OP here ;-) 3 and 4: The article isn't at all about the tool we built, it's supposed to shine a light on the different kinds of tasks that Test Engineers do. Think of it as not very subtle job advertising.

1. The idea was definitely out there (some other commenter posted a link to pacts, which were a strong influence). Part of the process (and I hope this comes out in the article) was to try to find good ways to write better tests. We couldn't really (long story, let's just say "legacy code" to summarize it). So in the end we went for this technique. The whole process took a year to do, and as far as NIH goes, the existing implementations do not work in Google's setting. So we had to roll our own implementation. That did not take very long, though.


2 man years is nothing at Google scale.

You're asking that every engineer at Google spend more time writing better tests? What's the math end up saying there? That if each engineer spend more than X minutes per year writing better tests, there would be an ROI. Where X ends up being a comically low number.

And you'd still probably want caching system at scale anyway, esp. given a monorepo. Think compute hours saved.

NIHS, as you're calling this, can often make sense at scale.


[dead]


We've asked you already not to post unsubstantively, and you've continued to abuse the site by commenting primarily ideologically. That's not what this site is for, so we've banned this account.


This is a tech-focused link aggregator. Googles a pretty big player in the tech industry, so it seems natural that at some point there may be many google related articles about.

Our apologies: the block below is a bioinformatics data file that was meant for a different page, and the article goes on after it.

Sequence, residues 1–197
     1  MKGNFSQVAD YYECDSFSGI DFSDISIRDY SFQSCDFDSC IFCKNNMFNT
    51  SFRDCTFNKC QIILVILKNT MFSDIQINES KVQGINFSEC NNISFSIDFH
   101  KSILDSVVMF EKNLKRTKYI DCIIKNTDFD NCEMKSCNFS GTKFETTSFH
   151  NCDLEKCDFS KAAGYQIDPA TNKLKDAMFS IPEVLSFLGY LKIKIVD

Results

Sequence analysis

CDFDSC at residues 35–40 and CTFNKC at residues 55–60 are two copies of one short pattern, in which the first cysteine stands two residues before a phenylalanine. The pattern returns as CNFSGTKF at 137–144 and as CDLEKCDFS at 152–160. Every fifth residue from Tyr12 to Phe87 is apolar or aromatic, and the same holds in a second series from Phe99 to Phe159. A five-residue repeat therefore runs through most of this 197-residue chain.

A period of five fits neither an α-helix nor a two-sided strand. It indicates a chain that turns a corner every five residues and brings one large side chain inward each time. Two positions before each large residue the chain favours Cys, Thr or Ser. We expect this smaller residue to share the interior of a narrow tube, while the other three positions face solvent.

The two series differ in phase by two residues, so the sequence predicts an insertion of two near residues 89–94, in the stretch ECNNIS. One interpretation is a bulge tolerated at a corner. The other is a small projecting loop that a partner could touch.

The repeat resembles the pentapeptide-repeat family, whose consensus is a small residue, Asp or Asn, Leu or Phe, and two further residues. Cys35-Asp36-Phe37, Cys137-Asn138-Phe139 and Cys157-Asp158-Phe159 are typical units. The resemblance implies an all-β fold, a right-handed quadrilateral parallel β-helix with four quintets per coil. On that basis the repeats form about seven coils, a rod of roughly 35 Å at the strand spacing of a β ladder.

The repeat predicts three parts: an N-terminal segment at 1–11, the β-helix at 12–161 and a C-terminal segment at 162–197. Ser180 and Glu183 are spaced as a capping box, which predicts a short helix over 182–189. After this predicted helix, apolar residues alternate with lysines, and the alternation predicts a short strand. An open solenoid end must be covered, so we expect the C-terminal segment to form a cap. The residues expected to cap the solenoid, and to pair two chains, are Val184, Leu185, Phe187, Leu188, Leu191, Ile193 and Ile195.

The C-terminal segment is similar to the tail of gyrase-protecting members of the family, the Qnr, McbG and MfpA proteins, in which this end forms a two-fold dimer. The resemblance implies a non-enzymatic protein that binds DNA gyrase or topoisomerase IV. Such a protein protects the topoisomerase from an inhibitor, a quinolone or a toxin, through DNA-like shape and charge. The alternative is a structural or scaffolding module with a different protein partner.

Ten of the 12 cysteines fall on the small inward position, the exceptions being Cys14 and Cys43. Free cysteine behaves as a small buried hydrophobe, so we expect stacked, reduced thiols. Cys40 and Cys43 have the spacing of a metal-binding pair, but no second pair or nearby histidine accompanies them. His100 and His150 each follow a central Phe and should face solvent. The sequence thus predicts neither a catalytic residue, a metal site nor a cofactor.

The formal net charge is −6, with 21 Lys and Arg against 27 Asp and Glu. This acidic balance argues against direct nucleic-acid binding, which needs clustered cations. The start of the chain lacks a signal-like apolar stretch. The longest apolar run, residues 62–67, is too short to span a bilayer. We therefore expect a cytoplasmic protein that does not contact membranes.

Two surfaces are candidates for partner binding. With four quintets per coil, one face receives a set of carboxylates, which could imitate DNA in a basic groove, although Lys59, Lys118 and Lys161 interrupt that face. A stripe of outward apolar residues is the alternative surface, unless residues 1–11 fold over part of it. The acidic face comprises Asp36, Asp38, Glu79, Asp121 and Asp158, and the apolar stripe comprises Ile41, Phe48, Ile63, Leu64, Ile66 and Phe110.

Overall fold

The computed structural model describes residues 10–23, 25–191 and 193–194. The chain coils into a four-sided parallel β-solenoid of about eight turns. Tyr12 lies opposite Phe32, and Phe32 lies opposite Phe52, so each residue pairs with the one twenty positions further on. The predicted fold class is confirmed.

You would know this isn't "fake news" if you spent the time it took to write your post to visit the link instead.


Could this be one of the most meaningless and trite jobs whilst still maximizing prestige? How many people will work this job in despair? How many intelligent people will spend years coding the obscurity that is test infra?


Please stop posting unsubstantive comments to HN.


He/she did address an interesting and touchy subject of software development. It could have been more diplomatic, but then also, I'd say, needlessly watered down.

A challenge in software development has long been the division between test and development.

You could do as Microsoft recently did (more or less abolished "test").. the jury is still out on whether that is what has caused the recent Windows 10 quality issues.

Or you could keep a tester/developer separation. Good luck trying to recruit top (e.g. your testers should on average be as smart as your developers) people for the tester positions unless you are Google/Facebook.

Either way, I think this is a really interesting issue.